Same Sex Marriage
Douglas Farrow writes in the current issue of Touchstone magazine:
"Crafty fools ask foolish fools, 'What harm does same-sex marriage do to your marriage, or to your family?'
"The truthful answer is: Same-sex marriage makes us all chattels of the state, because the state, in presuming to define the substance rather than the accidents of marriage, has made marriage itself a state artifact.
"Those who have trouble connecting the dots here—which lamentably includes many defenders of the traditional institution—should take time to consider the fact that the new “inclusive” definition, in striking procreation from the purview of marriage, has left both parents and children without a lawful institution that respects and guarantees their natural rights to each other.
"Opening up marriage in principle to non-generative unions really means closing it in principle to the inter-generational interests on which it has always been based. From now on, the handling of those interests will be entirely dependent, legally speaking, upon the good graces of the state. Every citizen will stand naked before the state, unclothed by his most fundamental community, unbuffered by any mediating institution with its own inherent rights. Nor should it be overlooked that, what the state has the power to define, it has the power to define again and again, and even to dispense with."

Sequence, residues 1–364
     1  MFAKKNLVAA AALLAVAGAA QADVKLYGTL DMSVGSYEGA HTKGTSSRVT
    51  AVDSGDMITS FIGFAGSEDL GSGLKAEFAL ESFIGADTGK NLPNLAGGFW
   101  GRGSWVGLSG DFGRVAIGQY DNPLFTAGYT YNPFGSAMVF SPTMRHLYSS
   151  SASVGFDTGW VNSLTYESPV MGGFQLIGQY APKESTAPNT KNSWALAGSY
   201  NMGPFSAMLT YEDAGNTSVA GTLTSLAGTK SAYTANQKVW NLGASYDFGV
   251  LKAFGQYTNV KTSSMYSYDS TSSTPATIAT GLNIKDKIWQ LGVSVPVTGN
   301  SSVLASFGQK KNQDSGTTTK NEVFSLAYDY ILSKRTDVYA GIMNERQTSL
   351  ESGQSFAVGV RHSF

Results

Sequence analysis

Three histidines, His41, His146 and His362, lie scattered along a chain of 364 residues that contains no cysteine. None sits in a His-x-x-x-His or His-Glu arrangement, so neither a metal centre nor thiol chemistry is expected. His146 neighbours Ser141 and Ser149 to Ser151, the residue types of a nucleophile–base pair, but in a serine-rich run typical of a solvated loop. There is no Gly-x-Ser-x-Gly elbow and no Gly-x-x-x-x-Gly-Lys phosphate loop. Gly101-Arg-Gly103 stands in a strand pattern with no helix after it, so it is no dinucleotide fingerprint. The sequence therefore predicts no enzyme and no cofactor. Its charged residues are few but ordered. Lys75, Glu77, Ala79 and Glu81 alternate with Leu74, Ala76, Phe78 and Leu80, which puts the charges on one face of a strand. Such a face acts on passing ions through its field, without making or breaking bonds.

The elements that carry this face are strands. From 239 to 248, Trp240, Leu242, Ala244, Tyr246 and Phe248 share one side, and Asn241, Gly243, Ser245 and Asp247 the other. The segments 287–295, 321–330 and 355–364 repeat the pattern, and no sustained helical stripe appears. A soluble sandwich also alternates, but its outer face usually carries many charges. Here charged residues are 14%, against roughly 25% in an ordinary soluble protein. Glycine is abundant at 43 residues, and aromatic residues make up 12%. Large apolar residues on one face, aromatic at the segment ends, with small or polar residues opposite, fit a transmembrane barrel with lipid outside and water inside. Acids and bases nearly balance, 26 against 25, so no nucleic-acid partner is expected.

At the heart of traditional marriage has always been the practice of monogamy. Monogamy is the freedom to be virtuous and responsible; the belief in objective truth and universal morality, it is oriented toward children and the future. Monogamy anchors men to their wives and children through the deliberate focus of their sexuality.
The rising culture today is polyamory— a practice defined as having more than one intimate relationship at a time. Proponents of polyamory demand freedom from any sexual restraints believing that the pleasure of the individual is the ultimate goal of human beings.
The polyamory lifestyle requires the existence of an awesome welfare state to care for the results of its irresponsible citizenry. The entertainment industry promotes polyamory as a great joy. The results in the real world are tens of millions of aborted babies and even more out-of-wedlock births. Illegitimate births are up 900% in the past 50 years. The results of polyamory in the real world are an inordinate amount of broken homes, and what has become a pandemic of sexually transmitted diseases.
Is there is a serious problem with all of this? Yes, there is. Children who are reared without an intact family that includes both their natural fathers and mothers are vastly more prone to promiscuity, sexually transmitted diseases, depression, drug usage, suicide, crime and imprisonment. It is unequivocally proven that no arrangement of the rearing of human children produces healthy, productive citizens as does living one's life with your natural mother and father into adulthood.
Meaning of Marriage
Robert George wrote an article in First Things magazine entitled What Marriage Is—And What It Isn't in which he stated, "The bodily unity of spouses is possible because human males and females, like other mammals, unite organically when they mate—they form a single reproductive principle.